Citations (0)
Some of your citations are legacy items.

Any citation created before July 30, 2012 will labeled as a “Cited page.” New citations will be saved as cited passages, pages or articles.

We also added the ability to view new citations from your projects or the book or article where you created them.

Notes (0)
Bookmarks (0)

You have no saved items from this book

Project items include:
  • Saved book/article
  • Highlights
  • Quotes/citations
  • Notes
  • Bookmarks
Notes
Cite this page

Cited page

Style
Citations are available only to our active members.
Buy instant access to cite pages or passages in MLA, APA and Chicago citation styles.

(Einhorn, 1992, p. 25)

(Einhorn 25)

1. Lois J. Einhorn, Abraham Lincoln, the Orator: Penetrating the Lincoln Legend (Westport, CT: Greenwood Press, 1992), 25, http://www.questia.com/read/27419298.

Cited page

Bookmark this page
The Biographical Dictionary of Scottish Women: From the Earliest Times to 2004
Table of contents

Table of contents

  • Title Page iii
  • Contents v
  • Acknowledgements vi
  • Advisers to the Project viii
  • Contributors ix
  • Abbreviations xv
  • Readers' Guide xxiii
  • Introduction xxv
  • The Biographical Dictionary of Scottish Women 1
  • A 3
  • B 21
  • C 56
  • D 90
  • E 109
  • F 115
  • G 130
  • H 153
  • I 177
  • J 181
  • K 188
  • L 200
  • M 214
  • N 280
  • O 285
  • P 289
  • Q 294
  • R 295
  • S 310
  • T 350
  • U 358
  • V 359
  • W 361
  • Y 383
  • Z 384
  • Thematic Index 386
Settings

Settings

Typeface
Text size Smaller Larger Reset View mode
Search within

Search within this book

Look up

Look up a word

  • Dictionary
  • Thesaurus
Please submit a word or phrase above.
Print this page

Print this page

Why can't I print more than one page at a time?

Help
Full screen
/ 403

matching results for page

    Questia reader help

    How to highlight and cite specific passages

    1. Click or tap the first word you want to select.
    2. Click or tap the last word you want to select, and you’ll see everything in between get selected.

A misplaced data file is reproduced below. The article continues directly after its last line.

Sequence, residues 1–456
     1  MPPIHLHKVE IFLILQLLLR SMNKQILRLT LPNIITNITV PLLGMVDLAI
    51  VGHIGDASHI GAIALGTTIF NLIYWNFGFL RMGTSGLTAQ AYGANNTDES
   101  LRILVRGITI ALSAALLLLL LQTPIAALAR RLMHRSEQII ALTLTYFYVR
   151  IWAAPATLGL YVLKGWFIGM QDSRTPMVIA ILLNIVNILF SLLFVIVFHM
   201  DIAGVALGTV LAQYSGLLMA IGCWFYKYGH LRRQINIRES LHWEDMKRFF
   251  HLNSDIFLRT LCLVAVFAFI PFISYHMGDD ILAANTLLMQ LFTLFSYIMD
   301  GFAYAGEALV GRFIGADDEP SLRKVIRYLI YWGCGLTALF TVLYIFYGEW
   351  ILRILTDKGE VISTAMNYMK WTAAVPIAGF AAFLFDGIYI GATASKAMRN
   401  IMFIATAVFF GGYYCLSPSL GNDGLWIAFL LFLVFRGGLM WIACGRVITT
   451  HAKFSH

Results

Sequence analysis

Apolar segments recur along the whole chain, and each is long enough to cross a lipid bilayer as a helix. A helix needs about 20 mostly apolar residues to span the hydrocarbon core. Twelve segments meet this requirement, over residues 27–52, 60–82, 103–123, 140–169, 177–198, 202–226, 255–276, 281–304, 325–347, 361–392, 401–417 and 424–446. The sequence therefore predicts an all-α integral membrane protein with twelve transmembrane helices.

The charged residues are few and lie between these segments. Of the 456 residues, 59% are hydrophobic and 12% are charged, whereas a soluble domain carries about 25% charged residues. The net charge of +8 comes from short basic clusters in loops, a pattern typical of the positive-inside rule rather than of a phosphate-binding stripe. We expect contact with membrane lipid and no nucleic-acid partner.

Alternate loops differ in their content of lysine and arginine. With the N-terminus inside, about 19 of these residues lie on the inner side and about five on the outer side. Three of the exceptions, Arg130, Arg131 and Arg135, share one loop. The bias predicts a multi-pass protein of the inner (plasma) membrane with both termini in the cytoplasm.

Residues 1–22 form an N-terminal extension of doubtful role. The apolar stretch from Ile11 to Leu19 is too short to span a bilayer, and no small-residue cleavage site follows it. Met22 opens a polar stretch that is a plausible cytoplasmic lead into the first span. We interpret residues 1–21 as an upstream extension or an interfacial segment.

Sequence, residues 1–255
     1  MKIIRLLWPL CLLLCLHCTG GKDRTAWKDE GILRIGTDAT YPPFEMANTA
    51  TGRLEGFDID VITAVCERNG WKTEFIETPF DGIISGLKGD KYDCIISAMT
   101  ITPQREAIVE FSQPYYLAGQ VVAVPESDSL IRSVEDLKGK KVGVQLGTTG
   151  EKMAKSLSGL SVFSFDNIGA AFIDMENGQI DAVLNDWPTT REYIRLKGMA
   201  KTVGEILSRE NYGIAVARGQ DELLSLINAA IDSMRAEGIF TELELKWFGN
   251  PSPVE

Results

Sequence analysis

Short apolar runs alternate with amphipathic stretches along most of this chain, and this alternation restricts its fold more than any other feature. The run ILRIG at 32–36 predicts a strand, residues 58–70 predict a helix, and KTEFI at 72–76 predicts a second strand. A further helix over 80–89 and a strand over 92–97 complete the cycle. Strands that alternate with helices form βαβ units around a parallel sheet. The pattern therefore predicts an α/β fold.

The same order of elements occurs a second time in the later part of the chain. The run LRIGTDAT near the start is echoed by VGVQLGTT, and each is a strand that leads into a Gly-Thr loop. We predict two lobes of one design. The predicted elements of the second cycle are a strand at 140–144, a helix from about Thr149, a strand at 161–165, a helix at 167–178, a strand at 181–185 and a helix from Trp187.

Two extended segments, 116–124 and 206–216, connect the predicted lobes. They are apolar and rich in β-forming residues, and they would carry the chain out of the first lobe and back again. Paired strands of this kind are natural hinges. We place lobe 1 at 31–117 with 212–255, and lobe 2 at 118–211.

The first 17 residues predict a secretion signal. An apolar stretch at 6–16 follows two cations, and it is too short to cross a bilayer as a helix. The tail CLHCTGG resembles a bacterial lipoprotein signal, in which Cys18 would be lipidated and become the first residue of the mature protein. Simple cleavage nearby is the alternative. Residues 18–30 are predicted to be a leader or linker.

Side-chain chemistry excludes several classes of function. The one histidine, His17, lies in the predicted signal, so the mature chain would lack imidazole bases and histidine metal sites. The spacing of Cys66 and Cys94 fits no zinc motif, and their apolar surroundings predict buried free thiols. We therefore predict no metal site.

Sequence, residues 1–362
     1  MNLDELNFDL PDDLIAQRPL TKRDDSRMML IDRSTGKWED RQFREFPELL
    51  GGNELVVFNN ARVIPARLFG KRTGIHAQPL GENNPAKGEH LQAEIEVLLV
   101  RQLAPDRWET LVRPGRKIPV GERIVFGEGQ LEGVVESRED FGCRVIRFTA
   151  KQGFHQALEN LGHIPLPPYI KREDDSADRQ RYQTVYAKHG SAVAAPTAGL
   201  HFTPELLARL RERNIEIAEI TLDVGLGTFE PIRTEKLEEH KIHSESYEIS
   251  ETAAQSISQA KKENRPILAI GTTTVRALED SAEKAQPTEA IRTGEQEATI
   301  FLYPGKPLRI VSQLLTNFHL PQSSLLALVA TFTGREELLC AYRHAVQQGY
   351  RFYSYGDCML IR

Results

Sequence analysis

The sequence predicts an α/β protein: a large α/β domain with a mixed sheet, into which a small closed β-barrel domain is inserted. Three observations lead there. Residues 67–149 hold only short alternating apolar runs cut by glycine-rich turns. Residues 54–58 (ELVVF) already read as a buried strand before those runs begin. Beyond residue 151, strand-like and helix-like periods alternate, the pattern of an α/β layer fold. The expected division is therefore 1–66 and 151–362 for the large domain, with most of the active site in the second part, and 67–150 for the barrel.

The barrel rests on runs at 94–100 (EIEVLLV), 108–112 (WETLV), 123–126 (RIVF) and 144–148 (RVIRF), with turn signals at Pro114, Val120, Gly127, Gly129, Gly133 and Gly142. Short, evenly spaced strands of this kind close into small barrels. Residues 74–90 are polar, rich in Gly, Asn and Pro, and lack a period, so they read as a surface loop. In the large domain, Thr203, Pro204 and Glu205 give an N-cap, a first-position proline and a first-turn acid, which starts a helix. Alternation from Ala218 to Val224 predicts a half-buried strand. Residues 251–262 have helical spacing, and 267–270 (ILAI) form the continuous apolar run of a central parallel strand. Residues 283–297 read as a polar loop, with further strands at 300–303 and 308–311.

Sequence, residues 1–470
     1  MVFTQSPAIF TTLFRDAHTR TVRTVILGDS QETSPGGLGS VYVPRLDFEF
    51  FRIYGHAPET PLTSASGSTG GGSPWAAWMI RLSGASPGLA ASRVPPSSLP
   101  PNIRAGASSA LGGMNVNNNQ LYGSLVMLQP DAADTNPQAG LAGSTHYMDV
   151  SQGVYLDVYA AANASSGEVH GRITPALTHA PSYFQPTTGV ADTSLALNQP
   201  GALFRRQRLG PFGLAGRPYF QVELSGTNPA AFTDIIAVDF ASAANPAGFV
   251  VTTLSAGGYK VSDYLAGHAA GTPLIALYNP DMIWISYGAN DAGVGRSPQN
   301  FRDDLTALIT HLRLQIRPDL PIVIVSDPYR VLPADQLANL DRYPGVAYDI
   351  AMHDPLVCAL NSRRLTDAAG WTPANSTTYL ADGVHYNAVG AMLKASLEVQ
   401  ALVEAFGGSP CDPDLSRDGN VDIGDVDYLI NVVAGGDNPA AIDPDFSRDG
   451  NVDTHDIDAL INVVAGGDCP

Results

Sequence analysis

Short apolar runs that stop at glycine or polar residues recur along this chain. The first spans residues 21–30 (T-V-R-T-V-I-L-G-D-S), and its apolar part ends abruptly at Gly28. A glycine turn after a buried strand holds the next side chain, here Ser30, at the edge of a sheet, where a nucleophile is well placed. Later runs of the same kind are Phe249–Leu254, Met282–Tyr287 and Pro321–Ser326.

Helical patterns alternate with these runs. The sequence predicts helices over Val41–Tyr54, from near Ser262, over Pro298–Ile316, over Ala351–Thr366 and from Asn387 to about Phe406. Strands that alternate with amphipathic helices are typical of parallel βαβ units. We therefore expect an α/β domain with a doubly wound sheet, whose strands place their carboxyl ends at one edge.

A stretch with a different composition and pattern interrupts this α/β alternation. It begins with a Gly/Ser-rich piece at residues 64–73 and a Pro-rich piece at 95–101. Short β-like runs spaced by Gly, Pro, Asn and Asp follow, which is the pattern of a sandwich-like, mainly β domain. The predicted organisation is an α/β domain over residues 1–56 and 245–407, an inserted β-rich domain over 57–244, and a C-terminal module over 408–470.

3. You’ll then get a menu of options like creating a highlight or a citation from that passage of text.

    OK, got it!

    Cited passage

    Style
    Citations are available only to our active members.
    Buy instant access to cite pages or passages in MLA, APA and Chicago citation styles.

    "Portraying himself as an honest, ordinary person helped Lincoln identify with his audiences." (Einhorn, 1992, p. 25).

    "Portraying himself as an honest, ordinary person helped Lincoln identify with his audiences." (Einhorn 25)

    "Portraying himself as an honest, ordinary person helped Lincoln identify with his audiences."1

    1. Lois J. Einhorn, Abraham Lincoln, the Orator: Penetrating the Lincoln Legend (Westport, CT: Greenwood Press, 1992), 25, http://www.questia.com/read/27419298.

    Cited passage

    Thanks for trying Questia!

    Please continue trying out our research tools, but please note, full functionality is available only to our active members.

    Your work will be lost once you leave this Web page.

    Buy instant access to save your work.

    Already a member? Log in now.

    Oops!

    An unknown error has occurred. Please click the button below to reload the page. If the problem persists, please try again in a little while.